Jim Beaubien, managing partner of Latham & Watkins’ L.A. offices, wants the firm to be the New York Yankees of L.A. law – and he’s George Steinbrenner.

Since becoming managing partner five years ago, Beaubien has focused on building Latham, founded 81 years ago, into a powerhouse by both signing top free agents and developing young talent.

His latest coup was engineering the defection late last year of 16 members of rival O’Melveny & Myers’ entertainment, sports and media practice, including six of its eight partners. Led by Joseph Calabrese and Christopher Brearton, the group is considered by many to be among the best in the business. More acquisitions in the litigation and private equity realm could be in the offing.

“I’m building the Yankees,” Beaubien said. “You can come play for the Yankees or you can play against them.”

To get to that level, though, he has faced a long rebuilding project.

The firm peaked at 312 attorneys in Los Angeles in 2008, just before the Great Recession hit, and, until this year, saw its head count decline every year since. At 214 lawyers last year, it had lost nearly one-third of its prerecession attorneys. With the pickup of the bulk of O’Melveny’s entertainment practice, it has risen this year to 221.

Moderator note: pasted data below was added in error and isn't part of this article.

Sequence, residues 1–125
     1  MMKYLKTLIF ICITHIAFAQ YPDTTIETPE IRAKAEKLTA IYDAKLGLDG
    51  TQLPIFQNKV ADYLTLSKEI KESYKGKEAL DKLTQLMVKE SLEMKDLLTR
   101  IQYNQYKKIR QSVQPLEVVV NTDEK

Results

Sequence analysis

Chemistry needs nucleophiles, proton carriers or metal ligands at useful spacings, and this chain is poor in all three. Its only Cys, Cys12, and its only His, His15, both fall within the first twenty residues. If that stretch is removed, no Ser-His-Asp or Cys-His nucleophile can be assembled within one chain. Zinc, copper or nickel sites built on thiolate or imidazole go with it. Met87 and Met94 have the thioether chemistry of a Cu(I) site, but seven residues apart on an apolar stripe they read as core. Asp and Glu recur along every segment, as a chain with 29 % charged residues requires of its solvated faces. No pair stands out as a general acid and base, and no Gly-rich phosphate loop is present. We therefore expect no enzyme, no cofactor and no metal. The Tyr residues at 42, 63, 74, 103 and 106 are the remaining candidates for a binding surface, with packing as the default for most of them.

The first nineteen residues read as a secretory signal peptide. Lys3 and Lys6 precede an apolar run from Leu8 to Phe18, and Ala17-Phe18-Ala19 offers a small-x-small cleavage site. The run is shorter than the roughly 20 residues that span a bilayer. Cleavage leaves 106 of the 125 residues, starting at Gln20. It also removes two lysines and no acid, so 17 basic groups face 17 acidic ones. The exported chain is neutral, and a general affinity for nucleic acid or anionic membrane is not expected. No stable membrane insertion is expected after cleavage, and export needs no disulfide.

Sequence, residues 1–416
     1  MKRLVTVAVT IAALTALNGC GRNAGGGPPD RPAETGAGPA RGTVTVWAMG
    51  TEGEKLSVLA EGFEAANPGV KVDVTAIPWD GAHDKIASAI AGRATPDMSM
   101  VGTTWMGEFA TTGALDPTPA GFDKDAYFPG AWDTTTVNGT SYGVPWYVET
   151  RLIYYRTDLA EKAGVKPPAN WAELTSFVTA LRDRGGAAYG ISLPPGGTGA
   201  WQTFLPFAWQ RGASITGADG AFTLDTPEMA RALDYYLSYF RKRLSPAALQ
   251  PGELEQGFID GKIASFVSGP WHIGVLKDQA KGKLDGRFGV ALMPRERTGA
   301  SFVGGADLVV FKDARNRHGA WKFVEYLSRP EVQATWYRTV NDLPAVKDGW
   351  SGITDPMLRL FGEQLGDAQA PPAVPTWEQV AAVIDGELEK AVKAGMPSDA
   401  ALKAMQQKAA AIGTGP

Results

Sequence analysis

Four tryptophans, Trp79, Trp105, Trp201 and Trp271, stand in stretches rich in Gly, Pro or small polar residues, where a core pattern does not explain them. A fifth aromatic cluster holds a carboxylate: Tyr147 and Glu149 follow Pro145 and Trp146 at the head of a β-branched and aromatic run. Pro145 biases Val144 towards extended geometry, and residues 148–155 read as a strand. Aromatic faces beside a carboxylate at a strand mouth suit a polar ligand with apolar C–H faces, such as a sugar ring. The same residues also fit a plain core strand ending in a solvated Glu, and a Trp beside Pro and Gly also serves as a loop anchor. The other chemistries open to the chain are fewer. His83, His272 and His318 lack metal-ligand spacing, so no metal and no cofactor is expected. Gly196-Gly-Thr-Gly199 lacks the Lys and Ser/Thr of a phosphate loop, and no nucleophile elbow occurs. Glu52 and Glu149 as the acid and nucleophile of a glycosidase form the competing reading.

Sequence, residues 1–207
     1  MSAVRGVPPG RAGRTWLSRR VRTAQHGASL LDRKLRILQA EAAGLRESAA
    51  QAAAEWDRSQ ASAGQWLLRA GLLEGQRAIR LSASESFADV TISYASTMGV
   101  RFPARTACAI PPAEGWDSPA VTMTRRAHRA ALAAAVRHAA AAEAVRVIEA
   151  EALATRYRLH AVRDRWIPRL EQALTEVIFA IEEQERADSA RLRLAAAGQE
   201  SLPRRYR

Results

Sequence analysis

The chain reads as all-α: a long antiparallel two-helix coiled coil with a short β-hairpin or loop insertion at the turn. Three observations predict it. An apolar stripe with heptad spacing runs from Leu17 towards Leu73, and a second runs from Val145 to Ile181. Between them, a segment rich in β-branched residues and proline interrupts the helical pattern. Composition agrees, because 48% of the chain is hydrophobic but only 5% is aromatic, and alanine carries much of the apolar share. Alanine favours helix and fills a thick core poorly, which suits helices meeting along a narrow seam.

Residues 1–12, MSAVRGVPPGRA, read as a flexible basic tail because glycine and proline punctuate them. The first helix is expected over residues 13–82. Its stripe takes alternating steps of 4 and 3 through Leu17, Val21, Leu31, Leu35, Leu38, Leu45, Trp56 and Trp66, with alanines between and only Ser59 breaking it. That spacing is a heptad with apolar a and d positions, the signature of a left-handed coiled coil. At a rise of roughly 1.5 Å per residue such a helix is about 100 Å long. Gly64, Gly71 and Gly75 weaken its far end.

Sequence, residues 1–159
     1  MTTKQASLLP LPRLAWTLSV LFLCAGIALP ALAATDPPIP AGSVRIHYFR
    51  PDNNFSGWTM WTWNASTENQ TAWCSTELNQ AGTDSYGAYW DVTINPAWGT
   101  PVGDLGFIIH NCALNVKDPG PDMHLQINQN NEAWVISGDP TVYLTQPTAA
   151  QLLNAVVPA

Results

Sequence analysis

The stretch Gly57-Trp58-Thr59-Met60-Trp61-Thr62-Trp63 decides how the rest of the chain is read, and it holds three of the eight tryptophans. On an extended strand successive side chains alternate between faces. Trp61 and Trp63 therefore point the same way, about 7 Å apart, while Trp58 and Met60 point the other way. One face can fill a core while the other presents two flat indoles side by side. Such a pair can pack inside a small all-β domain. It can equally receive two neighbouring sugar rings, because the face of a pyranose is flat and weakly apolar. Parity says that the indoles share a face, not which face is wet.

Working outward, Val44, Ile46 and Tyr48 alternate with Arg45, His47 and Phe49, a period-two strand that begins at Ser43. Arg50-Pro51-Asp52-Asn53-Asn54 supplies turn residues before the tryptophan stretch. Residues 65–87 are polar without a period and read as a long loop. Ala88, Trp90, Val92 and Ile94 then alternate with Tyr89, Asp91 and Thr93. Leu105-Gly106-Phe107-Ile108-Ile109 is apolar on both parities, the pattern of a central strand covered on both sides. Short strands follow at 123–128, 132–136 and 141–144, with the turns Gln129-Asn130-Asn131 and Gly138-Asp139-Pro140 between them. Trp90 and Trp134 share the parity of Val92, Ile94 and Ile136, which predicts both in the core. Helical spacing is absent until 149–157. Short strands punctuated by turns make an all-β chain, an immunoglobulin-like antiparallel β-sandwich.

Founded in 1934, Latham, the city’s fifth-largest firm, grew slowly in its early years. While it expanded domestically, it wasn’t until 2000 that it opened its first office outside the United States. Today, the firm has 32 offices around the world, including Germany, France, China, Saudi Arabia, Spain and London, to name a few.

It historically has grown in spurts, often adding entire practice groups in bulk. The decision to build its entertainment practice by acquisition rather than developing the talent in-house reflected an approach it took in 2010 when it launched its international energy industry practice in Houston by bringing in eight partners from three different firms: Akin Gump Strauss Hauer & Feld, Baker Botts and Vinson & Elkins.

Business approach

It is a strategy that has benefits, but typically only the largest law firms have the resources to pull it off.

“It’s not like they would have to spend a year or two or three developing that practice,” Michael S. Sherman, a veteran entertainment lawyer in the Century City office of Reed Smith, said of the hires from O’Melveny. “If you’re adding one or two people, you would have to build a group around them. The senior people in that group have been together for a number of years, and they just simply have to pick up all their stuff and move from one place in Century City to another.”

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